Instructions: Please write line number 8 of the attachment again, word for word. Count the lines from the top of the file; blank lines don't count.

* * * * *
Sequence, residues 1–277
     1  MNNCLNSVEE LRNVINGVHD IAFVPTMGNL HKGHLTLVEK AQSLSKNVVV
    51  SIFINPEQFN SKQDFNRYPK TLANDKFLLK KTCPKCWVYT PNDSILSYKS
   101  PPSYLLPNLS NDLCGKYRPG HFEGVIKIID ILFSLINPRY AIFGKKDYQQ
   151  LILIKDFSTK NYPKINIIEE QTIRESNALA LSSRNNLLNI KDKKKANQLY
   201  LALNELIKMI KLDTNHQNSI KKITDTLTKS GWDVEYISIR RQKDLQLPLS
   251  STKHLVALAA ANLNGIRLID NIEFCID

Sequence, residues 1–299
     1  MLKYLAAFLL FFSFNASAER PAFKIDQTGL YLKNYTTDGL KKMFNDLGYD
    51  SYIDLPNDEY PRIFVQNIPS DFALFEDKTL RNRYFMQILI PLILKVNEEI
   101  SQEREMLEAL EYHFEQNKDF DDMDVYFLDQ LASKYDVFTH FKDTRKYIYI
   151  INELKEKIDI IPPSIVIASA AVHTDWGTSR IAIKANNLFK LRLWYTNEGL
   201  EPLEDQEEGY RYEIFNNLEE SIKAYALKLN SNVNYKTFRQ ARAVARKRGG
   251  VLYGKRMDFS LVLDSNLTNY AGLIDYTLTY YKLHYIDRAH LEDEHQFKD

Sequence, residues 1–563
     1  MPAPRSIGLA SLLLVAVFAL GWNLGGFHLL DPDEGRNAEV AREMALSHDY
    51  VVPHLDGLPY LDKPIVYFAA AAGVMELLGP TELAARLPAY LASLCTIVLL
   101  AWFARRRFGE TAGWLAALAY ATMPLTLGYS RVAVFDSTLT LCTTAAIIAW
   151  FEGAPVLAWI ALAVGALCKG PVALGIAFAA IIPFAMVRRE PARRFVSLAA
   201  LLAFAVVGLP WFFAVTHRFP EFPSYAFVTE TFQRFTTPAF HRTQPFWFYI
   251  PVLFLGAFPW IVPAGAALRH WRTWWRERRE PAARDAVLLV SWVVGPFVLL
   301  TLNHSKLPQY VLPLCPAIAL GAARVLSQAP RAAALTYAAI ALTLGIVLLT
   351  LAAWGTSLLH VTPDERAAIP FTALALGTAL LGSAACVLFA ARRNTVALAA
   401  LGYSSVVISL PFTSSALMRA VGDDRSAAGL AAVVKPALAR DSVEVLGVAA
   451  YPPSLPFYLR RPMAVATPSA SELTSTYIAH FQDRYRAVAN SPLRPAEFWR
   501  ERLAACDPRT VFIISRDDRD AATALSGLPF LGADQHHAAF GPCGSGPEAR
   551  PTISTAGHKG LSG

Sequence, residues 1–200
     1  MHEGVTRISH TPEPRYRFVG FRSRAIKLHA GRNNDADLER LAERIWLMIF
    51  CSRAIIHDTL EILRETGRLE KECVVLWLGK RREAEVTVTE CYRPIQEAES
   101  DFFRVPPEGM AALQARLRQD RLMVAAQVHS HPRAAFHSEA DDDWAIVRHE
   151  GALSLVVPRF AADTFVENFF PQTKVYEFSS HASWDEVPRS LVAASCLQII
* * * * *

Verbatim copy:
Sequence, residues 1–299